I agree with Buddhists and the Christians, there will be suffering in life. The Buddha, teaching on the Four Noble truths, states in the first truth that there is suffering in life. Christians, throughout Scripture and history, have suffered with Christ crucified.
Suffering takes many forms, but we may be familiar with some of them: anxiety, depression, low self-esteem, low self-image, implusivity, addiction, chronic pain, angst, disillusionment, failure, perfectionism, restlessness, boredom, etc., etc.
Everyone does, suffer. Do we talk openly about our suffering and admit our humanness? No, usually we don’t. This is the problem with individual, and even community, adversity. We go it alone thinking we are the only ones who are walking down a lonely, often painful road of suffering. Of course this is nonsense, as the road of suffering is a well-worn road that humanity has tread for thousands upon thousands of years.
As we live our lives and we run into challenges, how do we ultimately have resilient outcomes, where we bounce back and do well?
Today, I am adding a few more thoughts to my last post on things you can do to stay strong before, during, and adversity. While I have the individual in mind in creating this list, I think the list is applicable to our communities as well, scaled accordingly.
There is a particular verse in the Sacred Scripture that reads, “Jesus grew in wisdom and stature and in favor with God and man.”
As a father, I have leaned on this verse. I do so because it speaks of balance, and balance is important in life. Buddhism emphasizes the “middle way.” The great philosophers speak of virtue as the middle between excess. Within the deep places, one will find balance as important in mitigating suffering in life.
Therefore, may we consider these four points in establishing balance in our lives:
- Wisdom: learn something new every day, challenge yourself mentally. Lean on the advice of trusted elders. Sit with elders and share your story, perhaps your pain, and listen to them.
- Stature: walk, walk a lot. Get out there and walk every day. Or run. Or swim. Practice yoga or cross fit, or hike, or stand up paddle board. Move your body.
- Spiritual: get involved in your faith-wisdom tradition. Own it. Pray. Meditate. Spend time in nature. Go to church. Give. Help. Serve. Read ancient writing.
- Social: spend time in quality relationship. It takes time, energy, and effort to invest in relationship. But the dividends are happiness and health. Remember, self-reliance is formed in the objective crucible of community.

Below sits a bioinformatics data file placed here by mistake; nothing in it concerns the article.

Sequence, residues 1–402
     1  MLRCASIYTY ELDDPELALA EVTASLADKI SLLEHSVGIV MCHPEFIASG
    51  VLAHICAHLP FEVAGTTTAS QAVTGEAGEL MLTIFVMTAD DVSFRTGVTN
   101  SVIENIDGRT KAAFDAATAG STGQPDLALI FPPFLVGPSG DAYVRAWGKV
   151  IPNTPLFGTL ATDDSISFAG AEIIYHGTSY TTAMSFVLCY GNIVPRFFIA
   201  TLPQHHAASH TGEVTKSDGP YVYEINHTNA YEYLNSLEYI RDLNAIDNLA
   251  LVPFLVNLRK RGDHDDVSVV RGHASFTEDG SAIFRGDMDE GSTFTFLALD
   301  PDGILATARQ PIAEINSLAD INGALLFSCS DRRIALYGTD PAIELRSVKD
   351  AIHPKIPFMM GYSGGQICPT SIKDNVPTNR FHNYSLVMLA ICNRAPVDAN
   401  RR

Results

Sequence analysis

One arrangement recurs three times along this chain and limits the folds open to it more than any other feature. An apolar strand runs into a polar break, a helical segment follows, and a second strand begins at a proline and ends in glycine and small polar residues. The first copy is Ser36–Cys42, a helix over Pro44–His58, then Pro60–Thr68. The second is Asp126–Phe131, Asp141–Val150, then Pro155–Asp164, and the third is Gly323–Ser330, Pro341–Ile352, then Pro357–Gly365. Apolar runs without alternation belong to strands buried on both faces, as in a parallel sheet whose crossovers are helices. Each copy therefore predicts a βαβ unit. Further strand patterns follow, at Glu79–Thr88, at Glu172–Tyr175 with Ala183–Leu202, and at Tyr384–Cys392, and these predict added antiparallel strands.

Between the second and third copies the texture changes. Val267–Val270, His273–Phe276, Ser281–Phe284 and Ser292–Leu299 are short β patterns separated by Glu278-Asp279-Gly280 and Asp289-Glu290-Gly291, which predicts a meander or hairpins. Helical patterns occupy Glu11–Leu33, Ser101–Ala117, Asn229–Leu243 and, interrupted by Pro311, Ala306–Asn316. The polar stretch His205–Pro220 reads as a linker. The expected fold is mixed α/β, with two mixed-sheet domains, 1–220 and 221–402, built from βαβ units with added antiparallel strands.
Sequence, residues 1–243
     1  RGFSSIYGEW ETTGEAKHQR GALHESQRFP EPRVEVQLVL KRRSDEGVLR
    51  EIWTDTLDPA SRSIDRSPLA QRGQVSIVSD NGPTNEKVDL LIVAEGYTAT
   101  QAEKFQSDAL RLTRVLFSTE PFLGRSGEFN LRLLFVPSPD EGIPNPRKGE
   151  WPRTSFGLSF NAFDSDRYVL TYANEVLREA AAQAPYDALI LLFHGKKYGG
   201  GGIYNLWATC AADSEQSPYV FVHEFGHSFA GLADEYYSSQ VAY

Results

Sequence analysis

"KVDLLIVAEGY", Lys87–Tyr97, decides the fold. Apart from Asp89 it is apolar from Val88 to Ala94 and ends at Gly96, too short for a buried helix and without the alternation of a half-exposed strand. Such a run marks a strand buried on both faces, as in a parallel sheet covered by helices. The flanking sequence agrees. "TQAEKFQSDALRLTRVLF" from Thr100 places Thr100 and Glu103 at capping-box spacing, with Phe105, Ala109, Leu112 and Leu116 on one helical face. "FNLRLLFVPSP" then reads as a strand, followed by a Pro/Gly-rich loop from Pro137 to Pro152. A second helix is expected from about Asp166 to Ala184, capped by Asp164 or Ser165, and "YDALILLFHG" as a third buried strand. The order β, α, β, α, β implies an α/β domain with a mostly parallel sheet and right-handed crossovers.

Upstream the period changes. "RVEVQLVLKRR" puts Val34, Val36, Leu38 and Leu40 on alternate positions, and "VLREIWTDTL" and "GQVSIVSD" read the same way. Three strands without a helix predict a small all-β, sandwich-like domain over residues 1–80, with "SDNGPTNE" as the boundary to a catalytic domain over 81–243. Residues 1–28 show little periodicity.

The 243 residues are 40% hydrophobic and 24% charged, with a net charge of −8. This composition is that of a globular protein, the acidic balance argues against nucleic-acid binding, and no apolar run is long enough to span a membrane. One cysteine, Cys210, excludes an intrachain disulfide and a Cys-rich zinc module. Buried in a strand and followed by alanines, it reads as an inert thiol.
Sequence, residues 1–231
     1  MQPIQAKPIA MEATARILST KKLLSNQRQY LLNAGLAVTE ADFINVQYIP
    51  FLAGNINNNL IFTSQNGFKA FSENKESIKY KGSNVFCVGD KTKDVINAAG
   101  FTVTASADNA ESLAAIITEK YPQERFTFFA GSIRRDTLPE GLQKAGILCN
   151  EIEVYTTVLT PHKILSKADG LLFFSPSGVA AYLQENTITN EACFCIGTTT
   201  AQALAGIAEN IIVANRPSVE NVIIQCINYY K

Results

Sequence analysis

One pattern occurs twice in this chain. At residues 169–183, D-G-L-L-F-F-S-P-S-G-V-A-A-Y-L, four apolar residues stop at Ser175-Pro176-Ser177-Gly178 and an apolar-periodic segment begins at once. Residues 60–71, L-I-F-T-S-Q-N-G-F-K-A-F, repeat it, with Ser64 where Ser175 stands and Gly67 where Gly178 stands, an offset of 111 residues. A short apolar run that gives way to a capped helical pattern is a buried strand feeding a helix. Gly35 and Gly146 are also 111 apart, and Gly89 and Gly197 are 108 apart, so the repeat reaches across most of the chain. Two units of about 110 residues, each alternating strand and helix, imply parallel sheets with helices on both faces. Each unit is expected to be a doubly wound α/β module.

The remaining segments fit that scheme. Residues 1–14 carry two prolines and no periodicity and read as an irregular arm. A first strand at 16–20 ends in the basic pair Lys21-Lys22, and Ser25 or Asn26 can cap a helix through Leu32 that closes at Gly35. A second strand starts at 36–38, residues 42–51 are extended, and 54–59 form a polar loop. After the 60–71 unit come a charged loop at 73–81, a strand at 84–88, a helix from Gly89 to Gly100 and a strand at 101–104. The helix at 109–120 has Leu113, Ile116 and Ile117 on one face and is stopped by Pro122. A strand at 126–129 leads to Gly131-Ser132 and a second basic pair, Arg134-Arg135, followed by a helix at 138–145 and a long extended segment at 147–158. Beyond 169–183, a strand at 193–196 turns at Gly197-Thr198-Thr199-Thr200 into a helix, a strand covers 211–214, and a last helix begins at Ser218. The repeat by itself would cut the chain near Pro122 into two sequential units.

In addition, here are a few other adaptive coping strategies for dealing with adversity:
- Involve yourself in positive distracting activities when you are really stressed
- Take breaks when you need to take breaks. Listen to you body, check in.
- Socialize with family and friends. Life is lived in community.
- Talk about it, whatever you are going through.
- Get adequate rest and sleep.
- Humor, learn to lighten up and laugh; especially at yourself.
- Exercise regularly. Move your body.
- Journal your thoughts and emotions.
- Think positive thoughts; as my mother says, “no stinking thinking.”
- If you need to go pro, go pro, get counseling; no shame in this.
- Get information about what you are going through, study up.
- Speak with a trusted spiritual advisor or confidant.
- Tell your family what you’re going through, talk with them, help them to understand.
- Normalize your experience, you are not alone, and your suffering is normal.
- Concentrate on creating positive cascades.
- Keep a gratitude journal, be thankful and grateful and write it down.
- Understand that you will be okay. Really, you will.
What prompted me to write this post today is thinking about one of my students who was suffering. They thought they were alone, that something was wrong with them. They had been carrying pain for many years. As I listened to my student, I was heartbroken for them, but wanted them to know more than anything that they were not alone, that we all experience pain and suffering and, usually, we all pull through and do okay. This is a normal part of the human life experience.